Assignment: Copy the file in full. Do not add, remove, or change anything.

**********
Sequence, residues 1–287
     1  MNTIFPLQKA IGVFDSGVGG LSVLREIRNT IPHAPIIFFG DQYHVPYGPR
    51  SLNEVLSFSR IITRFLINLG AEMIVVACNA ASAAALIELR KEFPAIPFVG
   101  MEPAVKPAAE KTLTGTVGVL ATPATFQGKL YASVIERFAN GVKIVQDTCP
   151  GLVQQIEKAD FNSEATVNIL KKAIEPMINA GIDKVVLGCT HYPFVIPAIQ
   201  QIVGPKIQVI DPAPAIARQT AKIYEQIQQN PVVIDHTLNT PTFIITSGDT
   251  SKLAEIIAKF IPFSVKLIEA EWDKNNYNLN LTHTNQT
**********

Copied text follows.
Sequence, residues 1–287
     1  MNTIFPLQKA IGVFDSGVGG LSVLREIRNT IPHAPIIFFG DQYHVPYGPR
    51  SLNEVLSFSR IITRFLINLG AEMIVVACNA ASAAALIELR KEFPAIPFVG
   101  MEPAVKPAAE KTLTGTVGVL ATPATFQGKL YASVIERFAN GVKIVQDTCP
   151  GLVQQIEKAD FNSEATVNIL KKAIEPMINA GIDKVVLGCT HYPFVIPAIQ
   201  QIVGPKIQVI DPAPAIARQT AKIYEQIQQN PVVIDHTLNT PTFIITSGDT
   251  SKLAEIIAKF IPFSVKLIEA EWDKNNYNLN LTHTNQT